Susan S. Kuo, Ph.D., from the Broad Institute of MIT and Harvard in Cambridge, Massachusetts, and colleagues assessed variability in the age at which autistic individuals attain key developmental milestones. The analysis included 17,098 autistic individuals and 4,145 siblings without an autism diagnosis (ages 4 to 17 years).
The researchers found that individuals with autism showed delays in milestone attainment versus their unaffected siblings, with median delays ranging from 0.7 to 19.7 months. The presence of co-occurring intellectual disability, carrying a neurodevelopmental disorder-associated rare genetic variant, and being diagnosed with autism by age 5 years were associated with more severe and more variable delays in autism. There was also an association between more severe and more variable delays and membership in earlier study cohorts, consistent with autism’s diagnostic and ascertainment expansion over the last 30 years.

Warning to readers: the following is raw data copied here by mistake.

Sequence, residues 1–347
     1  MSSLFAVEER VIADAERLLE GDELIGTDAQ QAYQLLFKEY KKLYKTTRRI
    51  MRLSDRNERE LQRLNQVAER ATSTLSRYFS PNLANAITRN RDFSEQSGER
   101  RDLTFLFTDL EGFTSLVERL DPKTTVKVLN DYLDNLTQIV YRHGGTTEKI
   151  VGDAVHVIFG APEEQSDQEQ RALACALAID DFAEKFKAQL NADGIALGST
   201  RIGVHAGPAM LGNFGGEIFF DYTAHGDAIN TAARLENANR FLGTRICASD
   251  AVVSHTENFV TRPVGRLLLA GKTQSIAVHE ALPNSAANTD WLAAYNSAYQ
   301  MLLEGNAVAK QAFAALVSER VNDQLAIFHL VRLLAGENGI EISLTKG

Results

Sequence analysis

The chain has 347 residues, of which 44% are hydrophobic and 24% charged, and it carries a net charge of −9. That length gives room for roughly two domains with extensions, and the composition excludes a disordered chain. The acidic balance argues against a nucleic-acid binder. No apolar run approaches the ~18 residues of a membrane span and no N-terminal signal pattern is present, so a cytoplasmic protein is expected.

“As the largest summary to date of developmental milestone attainment in autism, to our knowledge, this study demonstrates substantial developmental variability across different conditions and provides important context for understanding the phenotypic and etiological heterogeneity of autism,” the authors write.